For a stress-free getaway, follow this expert’s pre-travel tips – Hartford Courant


Friends often comment on the amount of travel I do. Especially how I can rack up the miles without being stressed out, exhausted and even overwhelmed at times. Truth be told, in my decades of pretty steady travel, I’ve had my moments. Haven’t we all?

But in my years of zipping around both locally and globally, I’ve learned a few strategies to help make the travel itself a bit less stressful, a bit more seamless and more awesome than angsty.

Here are some basics that help me be able to focus on fun, discovery and relaxation rather than logistics. Most are basic, but for those who may be new to travel or haven’t zipped off too often, they’re good to adopt. And sometimes even us long- timers need refreshers. Try these to make your road or air trip even better.

All the apps: At home and on your own wi-fi, take time well before any trip to download all the apps that can make a trip better. I tell everyone: Download every major airline app now (even if you’ve not planned a trip as of yet) and join any loyalty programs they have.

The first reason is basic: The apps help make all of the minute details easier. Checking on flights, checking in for flights (or bus or train trips), and staying up to speed on any delays or changes all comes easy when you have the apps. Keep them all in one folder on your phone.

Another bonus to having them: It’s super easy to shop deals for trips by clicking from app to app and comparing.

Here’s a back-up tip: Should your app notify you that your flight is delayed by a few hours, head to the airport anyway. Often (and as happened to me just the other day), they delay a flight and then “poof” it’s suddenly back on schedule. You don’t want to sleep in and miss it; you’re better off reading a book at the airport or having a snack.

Be a pack master:  Packing well for a trip takes foresight, planning and lists, lists, lists. My goal is always twofold: I want to bring everything I could possibly need while also bringing a little as possible.

Here’s how I do it. I start with a trip itinerary, listing each day and evening and what activities are planned (or may happen). I sit down with that and write next to each itinerary item, what I need for that. (For instance: Snorkeling outing: bathing suit, cover up, sunscreen, water shoes, hat). Once I’ve done that, I look to see where and how I can double up on using/wearing things. Once I have that list complete, I know what I need and what I can double up on.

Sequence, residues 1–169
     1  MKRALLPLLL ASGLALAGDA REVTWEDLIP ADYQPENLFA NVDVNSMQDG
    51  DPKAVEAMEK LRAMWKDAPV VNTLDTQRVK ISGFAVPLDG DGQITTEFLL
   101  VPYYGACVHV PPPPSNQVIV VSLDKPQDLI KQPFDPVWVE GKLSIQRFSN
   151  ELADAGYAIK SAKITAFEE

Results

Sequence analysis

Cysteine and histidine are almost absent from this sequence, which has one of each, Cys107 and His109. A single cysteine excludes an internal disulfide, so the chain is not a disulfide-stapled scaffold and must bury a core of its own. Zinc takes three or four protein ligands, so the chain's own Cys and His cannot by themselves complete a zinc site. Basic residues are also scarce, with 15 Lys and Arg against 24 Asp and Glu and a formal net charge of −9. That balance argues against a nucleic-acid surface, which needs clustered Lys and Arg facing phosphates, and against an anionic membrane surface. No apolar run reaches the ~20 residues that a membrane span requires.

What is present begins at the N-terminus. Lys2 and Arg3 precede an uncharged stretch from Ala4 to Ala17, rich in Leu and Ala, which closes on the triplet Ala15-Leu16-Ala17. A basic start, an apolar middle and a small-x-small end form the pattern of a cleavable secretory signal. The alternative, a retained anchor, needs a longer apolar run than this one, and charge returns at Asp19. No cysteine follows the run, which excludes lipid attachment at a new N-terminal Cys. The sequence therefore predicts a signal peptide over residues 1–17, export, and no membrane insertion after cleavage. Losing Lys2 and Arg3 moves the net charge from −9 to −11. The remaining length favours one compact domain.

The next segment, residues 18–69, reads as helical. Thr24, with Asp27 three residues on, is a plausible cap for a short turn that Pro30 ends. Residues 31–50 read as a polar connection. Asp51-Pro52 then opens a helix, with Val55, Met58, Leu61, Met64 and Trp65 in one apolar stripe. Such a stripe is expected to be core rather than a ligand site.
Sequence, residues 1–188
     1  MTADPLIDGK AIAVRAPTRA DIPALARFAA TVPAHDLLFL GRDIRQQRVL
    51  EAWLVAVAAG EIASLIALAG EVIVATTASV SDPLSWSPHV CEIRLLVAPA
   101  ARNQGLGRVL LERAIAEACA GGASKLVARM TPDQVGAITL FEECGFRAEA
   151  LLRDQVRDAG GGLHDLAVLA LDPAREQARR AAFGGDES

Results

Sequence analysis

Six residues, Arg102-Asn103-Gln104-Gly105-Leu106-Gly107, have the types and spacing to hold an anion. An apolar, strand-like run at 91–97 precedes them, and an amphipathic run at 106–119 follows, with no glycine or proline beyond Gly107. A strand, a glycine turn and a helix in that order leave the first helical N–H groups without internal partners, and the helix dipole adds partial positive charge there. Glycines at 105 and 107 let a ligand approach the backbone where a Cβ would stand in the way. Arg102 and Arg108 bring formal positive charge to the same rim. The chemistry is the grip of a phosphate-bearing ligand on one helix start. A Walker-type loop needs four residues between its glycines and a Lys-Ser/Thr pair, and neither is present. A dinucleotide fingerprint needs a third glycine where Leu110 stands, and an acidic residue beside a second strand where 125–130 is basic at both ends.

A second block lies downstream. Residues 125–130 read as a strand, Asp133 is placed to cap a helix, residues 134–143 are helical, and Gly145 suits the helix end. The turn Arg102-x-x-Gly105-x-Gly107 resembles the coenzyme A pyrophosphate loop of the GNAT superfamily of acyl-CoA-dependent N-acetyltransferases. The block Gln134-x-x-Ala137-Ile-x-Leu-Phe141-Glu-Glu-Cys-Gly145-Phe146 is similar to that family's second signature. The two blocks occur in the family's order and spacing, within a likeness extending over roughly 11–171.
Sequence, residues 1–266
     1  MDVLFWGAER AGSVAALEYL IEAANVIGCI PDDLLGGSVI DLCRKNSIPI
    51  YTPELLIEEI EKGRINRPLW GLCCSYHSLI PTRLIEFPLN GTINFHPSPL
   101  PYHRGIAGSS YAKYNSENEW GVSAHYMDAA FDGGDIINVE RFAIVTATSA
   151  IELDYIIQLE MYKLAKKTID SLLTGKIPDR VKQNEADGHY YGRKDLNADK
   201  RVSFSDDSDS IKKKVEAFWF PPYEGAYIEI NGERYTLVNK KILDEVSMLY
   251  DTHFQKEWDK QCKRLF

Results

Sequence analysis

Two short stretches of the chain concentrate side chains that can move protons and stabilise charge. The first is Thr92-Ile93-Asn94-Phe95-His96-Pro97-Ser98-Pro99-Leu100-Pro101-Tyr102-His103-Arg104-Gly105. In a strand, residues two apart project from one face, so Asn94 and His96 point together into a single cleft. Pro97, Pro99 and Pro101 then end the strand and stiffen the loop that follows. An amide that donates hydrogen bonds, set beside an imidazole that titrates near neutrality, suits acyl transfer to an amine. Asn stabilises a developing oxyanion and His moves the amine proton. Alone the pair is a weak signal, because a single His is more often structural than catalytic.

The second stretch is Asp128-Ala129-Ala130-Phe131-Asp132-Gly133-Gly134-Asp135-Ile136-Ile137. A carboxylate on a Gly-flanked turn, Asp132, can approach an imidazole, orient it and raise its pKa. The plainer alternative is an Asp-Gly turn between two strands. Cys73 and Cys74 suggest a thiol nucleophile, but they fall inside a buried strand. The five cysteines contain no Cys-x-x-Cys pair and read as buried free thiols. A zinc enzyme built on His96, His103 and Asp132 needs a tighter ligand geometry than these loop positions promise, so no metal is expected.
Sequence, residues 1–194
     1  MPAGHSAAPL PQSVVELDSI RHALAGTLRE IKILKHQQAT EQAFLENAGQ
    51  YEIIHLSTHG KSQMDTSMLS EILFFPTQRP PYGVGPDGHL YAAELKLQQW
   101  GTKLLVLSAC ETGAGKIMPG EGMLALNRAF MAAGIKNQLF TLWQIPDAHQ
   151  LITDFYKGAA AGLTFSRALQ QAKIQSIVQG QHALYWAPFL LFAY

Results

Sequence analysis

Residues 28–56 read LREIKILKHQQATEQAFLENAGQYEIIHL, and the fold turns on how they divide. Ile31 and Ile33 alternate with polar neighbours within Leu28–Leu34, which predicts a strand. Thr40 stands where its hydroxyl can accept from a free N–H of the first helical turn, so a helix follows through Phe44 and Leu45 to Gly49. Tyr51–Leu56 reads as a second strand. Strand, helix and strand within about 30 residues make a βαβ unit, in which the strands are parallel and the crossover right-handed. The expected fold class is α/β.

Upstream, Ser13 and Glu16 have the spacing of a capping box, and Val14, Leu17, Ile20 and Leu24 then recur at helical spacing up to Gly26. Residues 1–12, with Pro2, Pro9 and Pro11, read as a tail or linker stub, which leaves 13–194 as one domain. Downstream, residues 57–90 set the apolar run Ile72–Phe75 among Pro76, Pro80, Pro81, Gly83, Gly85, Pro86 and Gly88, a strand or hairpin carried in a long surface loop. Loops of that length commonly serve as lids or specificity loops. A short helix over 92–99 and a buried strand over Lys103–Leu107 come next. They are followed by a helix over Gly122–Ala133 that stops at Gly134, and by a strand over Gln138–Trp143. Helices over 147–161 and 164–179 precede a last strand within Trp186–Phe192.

Next up is fitting it all in an easy-to-access and easy to repack (super important!) way. I’m a huge fan of packing cubes. When you see them you think: Well, how are they any different than inside a suitcase? But by rolling my clothes and placing them in themed packing cubes (nighttime and going out wear, sports and activity wear, personal items, etc), I not only have little organized cubes that move easily into hotel drawers or shelves, but it all somehow fits in there better. It’s more secure, takes less room and is easy to view when you’re looking for something. They’re affordable and available on line. Just do it.

My goal is as little luggage as possible. If I can make due with a roller that is carry-on size and a decent backpack, it’s great. A great luggage tip is gate checking. While you’ll have to roll your bag through security, once you are at the gate, ask the agent if they are accepting volunteers to check bags. They almost always are, and then you can forget about your bag until you land and get it at the carousel. Side note: If you are in a rush when you land, don’t do this. But when I’m on golf or ski trips when I’m already checking a big bag that I must wait for anyway, this is a great way to forget about the other bag – at no cost – until then.

Don’t rely solely on Yelp-like reviews: When I decide to travel to a particular place, I begin my research early. I like to find great spots for coffee, amazing things to visit, beaches that are special, places to dine and more. I lean toward reading published reviews by travel journalists, but I also lean on social media and friends in person. If I know you like what I like and you’ve been to the spot I’m heading, you’re my source for great tips.

Once I’m there I ask all the locals: Cab drivers, cashiers, someone who just happens to be standing near me, for insider info. Its amazing what you can discover by trusting the home town person.

Those are just a start. Planning things out and being at the ready is the best way, this long time traveler says, to really let loose on vacation. True escape may take a little prep work, but it sure is worth it.



FILE - In this April 19, 2019 file photo, travelers look at a menu at a Taco Bell restaurant inside Miami International Airport in Miami. The company that owns KFC and Taco Bell posted better-than-expected sales in the second quarter thanks to stronger customer demand and a record new store building spree. (AP Photo/Wilfredo Lee, File)
It’s better to wait at the airport, or have a snack as these people at the Miami International Airport Taco Bell are about to do, than miss a suddenly rescheduled flight. (AP Photo/Wilfredo Lee, File)


Luggage packing cubes, like this set from Bagail ($25.99, make organizing your travel wardrobe a snap. (Photo
Luggage packing cubes, like this set from Bagail ($25.99, make organizing your travel wardrobe a snap. (Photo

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